As written several times in this blog, I like to visit US military bases in Japan when they are open to public. They are usually off-limits to Japanese civilians, but open a few times a year for friendship festivals. Once you pass through the gate, you can see the same landscapes in the United States as seen on TV which you can’t see while off base.
Why do Japanese people find so amusing about what are seen in the United States? Going to the United States is, for most of them born after WWII, a dream and an exciting unordinary experience. They long, they attempt, and some lucky ones carry out, to do it. Yet most of them have not enough time, budget or physical strength to take a long leave from their employer, buy airline tickets for hundreds of thousand yen, sit on a plane for many hours and stay for one week in the mainland America or Hawaii. Visiting a US base in Japan is a one-day trip, costs only train fares to it, and offers visitors almost the same experiences as going actually to the mainland USA.
Yokota Air Base, Camp Zama, Atsugi Naval Air Facility, Yokosuka Naval Base, Negishi Heights, Sagami Depot, Naval Support Facility Kamiseya and Ikego Heights are all I’ve been, out of 85 US military facilities within Japan.
Yokota Air Base (Fussa, Tokyo): the only US Air Force Base in the Kanto Plain. There is the biggest Friendship Festival in late August every year, with the most stalls selling the most kinds of products. Visitors enter from the Supply Gate to the festival venue. Some hangers are open for a stage and stalls. Restaurants and food courts are not open.
Camp Zama (Zama, Kanagawa): opens twice a year, in early April for cherry blossom festival and early August for bon odori festival. Although no buildings but a food court, a theatre and a bowling centre are open to public, you can walk around in almost all open areas in the camp site. Soda vending machines (both Japanese and American) are available. ATMs are also available and you can withdraw cash with an ATM card issued in the US or an international ATM card. You can have access to mailing boxes so if you have mail with an American stamp affixed you can put it in the mailbox to send it to an address in the US for the same fare as in the mainland US. Food stalls are lower in number so you’ll have to wait in longer lines to get foods.
Atsugi Naval Air Facility (Ayase, Kanagawa): opens a few times a year, in the cherry season, on the Independence Day of the USA, and in August. Entrance is narrow so you have to wait in a long line to get inside. Bag check is strict at entrance and there is sometimes a dog inspection, where a working military dog checks your bag put on the ground to smell it to check if there’s nothing suspicious in it. David O. Taylor Field, a wide football field, is usually open for a stage, food stalls and a playground. In many cases, the apron area of the air facility is open and some carrier-based planes are displayed.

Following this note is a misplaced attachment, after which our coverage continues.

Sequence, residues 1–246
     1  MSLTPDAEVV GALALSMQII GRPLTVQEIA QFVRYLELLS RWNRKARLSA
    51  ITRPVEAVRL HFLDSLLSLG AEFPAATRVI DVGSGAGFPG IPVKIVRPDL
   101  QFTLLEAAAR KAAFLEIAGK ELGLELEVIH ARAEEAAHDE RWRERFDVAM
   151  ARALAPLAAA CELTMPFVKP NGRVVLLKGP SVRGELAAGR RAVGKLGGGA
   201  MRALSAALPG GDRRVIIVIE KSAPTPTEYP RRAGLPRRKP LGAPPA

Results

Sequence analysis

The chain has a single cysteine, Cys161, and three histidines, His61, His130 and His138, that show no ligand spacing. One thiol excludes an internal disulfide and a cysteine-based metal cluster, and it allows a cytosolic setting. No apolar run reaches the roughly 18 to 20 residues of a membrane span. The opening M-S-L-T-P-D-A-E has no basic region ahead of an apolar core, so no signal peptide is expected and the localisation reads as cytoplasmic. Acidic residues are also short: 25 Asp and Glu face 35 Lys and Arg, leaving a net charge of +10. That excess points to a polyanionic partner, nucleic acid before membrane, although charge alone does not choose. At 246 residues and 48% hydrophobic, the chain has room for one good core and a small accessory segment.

Yokosuka Naval Base (Yokosuka, Kanagawa): opens a few times a year, in the cherry season, in summer, and more. The entrance is the narrowest so there is the longest lines in front of it. You have to wait for more than two hours! Besides, the exit is narrow, too, so you must wait for a long time to get out. McDonald’s and a food court are open to visitors in the base. There are various kinds of stalls, ranging from American foods to American sweets and cookies.
Negishi Heights (Yokohama, Kanagawa): opens in late April and in late August. The Community Center building, Negishi All Hands Club (a bar and restaurant complex) and the open space around them are available for visitors. An ATM is on the first floor of the Community Center and visitors can freely use it. US mailboxes are available too. There are fewer visitors than in any other US bases so you can have access to food stalls without waiting so much time. Bowling lanes, arcade games and a movie theatre are available for visitors. Billiard and dartboards are available at All Hands Club, but darts are not allowed to bring inside the venue.
Sagami Depot (Sagamihara, Kanagawa): opens not every year. I was there in September 2007 for Music Festival. Admission fee was 500 yen. High-pressure Japanese officers at the entrance refused my taking pictures of the entrance gates. Visitor’s areas were strictly limited but there were no signs indicating where visitors may stay. Some visitors lost their way in a restricted area and captured by military police.
NSF Kamiseya (Yokohama, Kanagawa): opens in late March or early April. The festival venue is an open space where food stalls and a playground area are set up. People wait in long lines in front of the food stalls.
Ikego Heights (Zushi, Kanagawa): opens in May. The easiest-to-access site of military bases in the Kanto Plain, within a 5-minite-walk from the nearest train station. The festival venue is only within a football field, where food stalls and a playground area are set up. Visitors should stay within the field and aren’t allowed to go any other place. There’s no need to wait in front of food stalls so much time.